Looking in the wrong place

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A quest for answers often has us searching in the wrong place. Like trying to figure out how identical groups of digital audio bits can sound different. No matter how close we look they will always be identical if we look no further than the data themselves.

But, we're looking in the wrong place. It isn't the veracity of the bits in question, but their timing or levels of noise that makes them sound different.

I am reminded that it's easy enough to be fooled. Driving a new car I thought perhaps I had a bad tire. Every time I changed lanes on the highway the steering wheel vibrated like crazy. I pulled over and found nothing wrong with the tire. Odd. It took me several stops and inspections before I realized I was looking in the wrong place. It wasn't the tire at all. It was a new-fangled feature called "lane assist" that activated whenever I changed lanes without using the turn signal.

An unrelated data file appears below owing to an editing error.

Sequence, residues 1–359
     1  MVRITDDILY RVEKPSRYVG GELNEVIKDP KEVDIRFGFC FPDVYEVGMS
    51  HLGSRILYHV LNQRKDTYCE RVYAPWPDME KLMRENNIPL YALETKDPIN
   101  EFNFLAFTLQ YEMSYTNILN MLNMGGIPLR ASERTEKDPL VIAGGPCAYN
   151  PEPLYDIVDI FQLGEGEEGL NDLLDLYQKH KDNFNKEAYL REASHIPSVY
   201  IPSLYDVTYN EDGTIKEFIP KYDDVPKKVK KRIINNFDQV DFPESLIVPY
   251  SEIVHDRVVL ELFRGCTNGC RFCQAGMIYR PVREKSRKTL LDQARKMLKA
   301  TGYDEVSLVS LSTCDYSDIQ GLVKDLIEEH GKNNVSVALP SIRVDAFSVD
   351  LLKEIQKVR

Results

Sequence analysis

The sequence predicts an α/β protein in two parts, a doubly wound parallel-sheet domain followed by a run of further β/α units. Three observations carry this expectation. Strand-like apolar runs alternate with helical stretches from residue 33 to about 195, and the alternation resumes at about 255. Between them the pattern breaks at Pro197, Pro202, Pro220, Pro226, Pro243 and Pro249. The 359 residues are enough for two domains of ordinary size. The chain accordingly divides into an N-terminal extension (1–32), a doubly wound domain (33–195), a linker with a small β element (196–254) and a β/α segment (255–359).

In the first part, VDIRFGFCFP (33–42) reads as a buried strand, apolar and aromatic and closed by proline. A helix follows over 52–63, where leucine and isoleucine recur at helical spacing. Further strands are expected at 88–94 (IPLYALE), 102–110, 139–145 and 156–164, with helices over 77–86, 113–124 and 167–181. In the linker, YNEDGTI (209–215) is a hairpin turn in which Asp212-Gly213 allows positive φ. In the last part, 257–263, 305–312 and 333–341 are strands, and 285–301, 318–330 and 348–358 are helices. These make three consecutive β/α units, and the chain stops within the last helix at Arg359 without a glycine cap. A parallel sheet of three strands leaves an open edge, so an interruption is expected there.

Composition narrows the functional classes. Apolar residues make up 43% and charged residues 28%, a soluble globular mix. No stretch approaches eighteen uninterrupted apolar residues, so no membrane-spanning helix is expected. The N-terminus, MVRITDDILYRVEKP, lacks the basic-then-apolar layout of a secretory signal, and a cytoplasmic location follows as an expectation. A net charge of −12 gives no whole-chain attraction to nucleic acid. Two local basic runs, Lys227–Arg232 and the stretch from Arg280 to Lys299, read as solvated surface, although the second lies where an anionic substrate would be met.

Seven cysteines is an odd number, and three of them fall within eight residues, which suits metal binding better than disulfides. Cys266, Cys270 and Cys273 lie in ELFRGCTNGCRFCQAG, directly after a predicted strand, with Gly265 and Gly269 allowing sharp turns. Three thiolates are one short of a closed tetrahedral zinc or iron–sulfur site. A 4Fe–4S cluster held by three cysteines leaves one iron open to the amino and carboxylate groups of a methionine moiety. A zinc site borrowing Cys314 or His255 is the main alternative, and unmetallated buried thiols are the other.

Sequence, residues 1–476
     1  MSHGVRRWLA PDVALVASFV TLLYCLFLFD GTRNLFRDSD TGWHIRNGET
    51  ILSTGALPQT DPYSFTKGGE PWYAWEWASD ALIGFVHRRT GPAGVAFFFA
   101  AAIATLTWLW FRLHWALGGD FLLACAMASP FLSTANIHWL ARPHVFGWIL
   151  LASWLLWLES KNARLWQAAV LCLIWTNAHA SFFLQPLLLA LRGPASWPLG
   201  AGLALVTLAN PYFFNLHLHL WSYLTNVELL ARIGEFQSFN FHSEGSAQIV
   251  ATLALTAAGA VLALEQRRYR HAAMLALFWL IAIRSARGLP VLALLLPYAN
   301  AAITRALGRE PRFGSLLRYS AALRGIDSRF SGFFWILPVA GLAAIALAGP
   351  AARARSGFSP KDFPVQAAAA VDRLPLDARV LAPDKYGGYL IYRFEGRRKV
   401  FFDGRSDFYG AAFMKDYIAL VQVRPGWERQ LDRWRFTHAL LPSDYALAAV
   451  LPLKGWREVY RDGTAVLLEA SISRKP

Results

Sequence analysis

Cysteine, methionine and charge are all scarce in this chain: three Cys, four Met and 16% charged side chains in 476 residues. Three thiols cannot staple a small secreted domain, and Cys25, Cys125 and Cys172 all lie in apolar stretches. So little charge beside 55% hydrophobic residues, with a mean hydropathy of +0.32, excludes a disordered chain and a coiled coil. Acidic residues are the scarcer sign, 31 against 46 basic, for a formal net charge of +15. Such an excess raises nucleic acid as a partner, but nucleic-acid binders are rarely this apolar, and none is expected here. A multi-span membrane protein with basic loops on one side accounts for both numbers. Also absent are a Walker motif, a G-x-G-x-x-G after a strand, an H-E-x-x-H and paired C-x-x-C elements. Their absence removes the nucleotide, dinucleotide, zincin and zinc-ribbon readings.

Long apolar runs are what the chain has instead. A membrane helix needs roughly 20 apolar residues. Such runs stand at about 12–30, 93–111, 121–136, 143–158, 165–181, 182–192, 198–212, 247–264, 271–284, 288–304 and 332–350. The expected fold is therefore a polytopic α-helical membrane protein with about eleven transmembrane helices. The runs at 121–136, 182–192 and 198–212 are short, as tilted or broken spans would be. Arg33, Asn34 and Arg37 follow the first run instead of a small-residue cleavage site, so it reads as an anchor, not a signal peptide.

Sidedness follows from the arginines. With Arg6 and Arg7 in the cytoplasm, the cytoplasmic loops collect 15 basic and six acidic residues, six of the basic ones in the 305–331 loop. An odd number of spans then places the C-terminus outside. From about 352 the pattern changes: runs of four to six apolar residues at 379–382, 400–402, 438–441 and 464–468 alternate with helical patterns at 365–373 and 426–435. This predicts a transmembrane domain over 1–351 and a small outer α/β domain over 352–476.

As soon as we're convinced something's wrong, or right, or different, we should pause before making uninformed declarations as to the cause.

Because sometimes we're looking in the wrong place.

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Paul McGowan

Founder & CEO

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